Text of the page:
•  If a psychiatrist doesn't accept assignment, s/he sets his own fee-- generally what the market will bear. This one is easy, everyone understands wanting more money, and the insurance company fees are often less that what a psychiatrist can charge if he does not participate. 
For some psychiatrists, that's the bottom line. For many, however, it's about much more: the paperwork and the freedom to practice psychiatry as he wants.

  • If the psychiatrist accepts assignment, he agrees to practice according to the terms of the insurance company. He sees the patient and collects the copay. Maybe it's a flat $30 co-pay, after a certain deductible. Maybe it's 80% for the first 5 visits and 70% for the next 5 visits and 60% for all the visits after that oh but the patient is only covered for 25 visits a year and the psychiatrist has agreed not to balance-bill as part of the deal. I don't know what happens if the patient needs a 26th appointment, I believe the doc eats the fee or simply doesn't offer the extra sessions. At any rate, the doctor now needs to figure out how much the patient has to pay and it's his responsibility to collect this. Oh, but it's not 80%/70%/60% of HIS fee that the insurance company will pay, it's 80% of what the insurance company has decided is Usual & Customary Rate (UCR) which is set by the insurer. And while it might be a piece of cake to calculate if the the UCR was say $100/appointment and the patient paid $20 and the insurance company paid $80, but it's a pain in the neck if the UCR is $97.84/ session and you have to keep count of the sessions and figure out the percentages. Should I mention that different insurance policies by the same company can have different payment rates so someone has to call for each patient, verify the insurance, find out the terms, co-pays, deductibles, and this involves sitting on hold and dealing with assorted prompting menus. Did I mention that some patients have two insurance policies?  When I accepted Blue Cross in the early 1990's, they would send me checks for $12.44 for 50 minute sessions.  I never did figure that one out, nor could my three billing secretaries explain it.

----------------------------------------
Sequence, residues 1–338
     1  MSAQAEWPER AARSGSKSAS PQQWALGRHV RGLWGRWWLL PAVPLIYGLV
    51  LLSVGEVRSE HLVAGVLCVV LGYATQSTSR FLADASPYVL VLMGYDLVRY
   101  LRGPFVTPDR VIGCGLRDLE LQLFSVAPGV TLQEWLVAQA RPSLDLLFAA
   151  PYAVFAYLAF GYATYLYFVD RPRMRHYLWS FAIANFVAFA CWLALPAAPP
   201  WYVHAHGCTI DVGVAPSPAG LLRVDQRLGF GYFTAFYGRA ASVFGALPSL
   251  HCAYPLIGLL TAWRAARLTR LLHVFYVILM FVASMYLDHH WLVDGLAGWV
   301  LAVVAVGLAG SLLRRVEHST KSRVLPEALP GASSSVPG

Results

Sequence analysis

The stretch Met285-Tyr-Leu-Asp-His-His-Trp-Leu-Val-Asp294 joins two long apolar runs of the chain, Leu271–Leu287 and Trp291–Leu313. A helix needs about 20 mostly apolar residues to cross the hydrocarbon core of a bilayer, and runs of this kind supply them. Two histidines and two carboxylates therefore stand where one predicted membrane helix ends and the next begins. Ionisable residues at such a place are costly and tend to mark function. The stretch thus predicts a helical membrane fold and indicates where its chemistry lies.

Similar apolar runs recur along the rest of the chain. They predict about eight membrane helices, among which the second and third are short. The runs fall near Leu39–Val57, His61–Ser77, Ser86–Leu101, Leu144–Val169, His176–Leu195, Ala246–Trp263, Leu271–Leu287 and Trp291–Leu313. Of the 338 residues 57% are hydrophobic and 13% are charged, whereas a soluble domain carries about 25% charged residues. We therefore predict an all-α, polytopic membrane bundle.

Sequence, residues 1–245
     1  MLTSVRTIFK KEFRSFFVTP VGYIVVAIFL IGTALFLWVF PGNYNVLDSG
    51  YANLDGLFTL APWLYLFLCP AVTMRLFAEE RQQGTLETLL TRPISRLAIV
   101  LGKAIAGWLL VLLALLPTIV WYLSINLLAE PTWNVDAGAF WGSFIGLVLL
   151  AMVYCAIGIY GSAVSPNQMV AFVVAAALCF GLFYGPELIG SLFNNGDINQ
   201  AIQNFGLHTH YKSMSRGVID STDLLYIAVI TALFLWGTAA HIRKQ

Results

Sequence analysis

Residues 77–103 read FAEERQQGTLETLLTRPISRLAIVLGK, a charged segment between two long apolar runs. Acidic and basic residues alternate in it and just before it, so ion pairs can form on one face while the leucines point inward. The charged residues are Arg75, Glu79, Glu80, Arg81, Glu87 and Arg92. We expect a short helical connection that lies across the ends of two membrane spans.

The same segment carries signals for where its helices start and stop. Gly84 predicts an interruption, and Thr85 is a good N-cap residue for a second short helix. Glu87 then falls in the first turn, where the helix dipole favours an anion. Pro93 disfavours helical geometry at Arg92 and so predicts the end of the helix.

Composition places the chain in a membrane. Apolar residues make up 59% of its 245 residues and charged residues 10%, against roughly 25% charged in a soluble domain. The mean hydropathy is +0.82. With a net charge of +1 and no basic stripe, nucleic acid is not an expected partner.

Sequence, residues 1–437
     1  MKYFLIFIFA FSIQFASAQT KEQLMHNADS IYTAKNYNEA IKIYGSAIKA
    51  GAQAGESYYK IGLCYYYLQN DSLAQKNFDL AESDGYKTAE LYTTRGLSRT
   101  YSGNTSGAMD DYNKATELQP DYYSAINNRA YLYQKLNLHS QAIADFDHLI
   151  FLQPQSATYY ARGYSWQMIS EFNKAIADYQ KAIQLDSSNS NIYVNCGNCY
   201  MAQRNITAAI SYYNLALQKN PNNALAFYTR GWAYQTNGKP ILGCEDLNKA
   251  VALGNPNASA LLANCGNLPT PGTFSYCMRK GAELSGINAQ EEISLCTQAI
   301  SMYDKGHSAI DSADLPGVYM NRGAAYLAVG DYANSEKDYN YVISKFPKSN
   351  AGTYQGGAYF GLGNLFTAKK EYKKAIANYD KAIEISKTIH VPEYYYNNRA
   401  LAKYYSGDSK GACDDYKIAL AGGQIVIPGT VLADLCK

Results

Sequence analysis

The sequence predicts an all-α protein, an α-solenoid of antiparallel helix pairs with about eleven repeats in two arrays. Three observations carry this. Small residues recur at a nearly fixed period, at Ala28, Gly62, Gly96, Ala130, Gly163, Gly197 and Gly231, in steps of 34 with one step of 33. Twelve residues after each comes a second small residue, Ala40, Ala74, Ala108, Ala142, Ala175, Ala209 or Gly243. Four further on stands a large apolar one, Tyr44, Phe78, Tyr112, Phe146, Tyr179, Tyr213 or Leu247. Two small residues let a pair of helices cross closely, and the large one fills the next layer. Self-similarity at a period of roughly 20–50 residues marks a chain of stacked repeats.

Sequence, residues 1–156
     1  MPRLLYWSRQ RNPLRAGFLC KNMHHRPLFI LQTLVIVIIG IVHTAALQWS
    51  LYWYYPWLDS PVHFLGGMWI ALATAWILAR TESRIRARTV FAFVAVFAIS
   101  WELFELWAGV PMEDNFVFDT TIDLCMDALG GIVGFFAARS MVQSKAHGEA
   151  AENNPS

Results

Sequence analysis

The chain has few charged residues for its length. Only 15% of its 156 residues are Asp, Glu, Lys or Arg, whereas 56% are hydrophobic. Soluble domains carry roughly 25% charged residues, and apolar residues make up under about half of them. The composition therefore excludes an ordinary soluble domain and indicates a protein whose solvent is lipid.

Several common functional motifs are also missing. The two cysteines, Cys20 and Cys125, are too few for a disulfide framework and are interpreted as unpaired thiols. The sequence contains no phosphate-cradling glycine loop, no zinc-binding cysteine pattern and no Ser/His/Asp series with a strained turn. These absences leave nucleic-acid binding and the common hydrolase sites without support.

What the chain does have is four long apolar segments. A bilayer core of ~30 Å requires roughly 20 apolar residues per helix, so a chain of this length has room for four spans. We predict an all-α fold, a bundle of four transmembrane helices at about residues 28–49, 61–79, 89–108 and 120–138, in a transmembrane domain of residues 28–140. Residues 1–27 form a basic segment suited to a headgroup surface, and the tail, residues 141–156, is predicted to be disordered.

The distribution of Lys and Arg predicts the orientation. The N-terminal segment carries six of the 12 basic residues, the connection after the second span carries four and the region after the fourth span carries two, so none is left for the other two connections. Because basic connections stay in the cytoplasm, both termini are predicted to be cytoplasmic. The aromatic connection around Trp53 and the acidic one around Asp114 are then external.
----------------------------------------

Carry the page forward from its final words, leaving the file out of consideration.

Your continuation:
• While many psychiatrists in private practice are able to manage their practices without secretarial support, a psychiatrist who practices in-network usually needs a secretary, an overhead expense his I-don't-accept-assignment friends may or may not want or need. And he now has to have an office big enough to accommodate secretarial space. I'll also tell you that while the secretary is paid an hourly fee, his ability to get paid is only as good as her motivation to follow through on dealing with the insurance companies, refiling denied claims, clarifying primary versus secondary insurance and getting the amount of the co-pays correct.
  •  And if the insurance company finds a reason not to pay, the doc is stuck--he can't bill the patient, he's just out the time/money. For a psychiatrist who does psychotherapy and sees 8-11 patients/day at an insurance company discounted fee, doing work that does not get reimbursed is a problem. A doctor may decide he can afford to take on some patients at reduced fees, but it's infuriating to be subsidizing an insurance company because the forms were filed with something coded wrong, or because the insurance company lost them.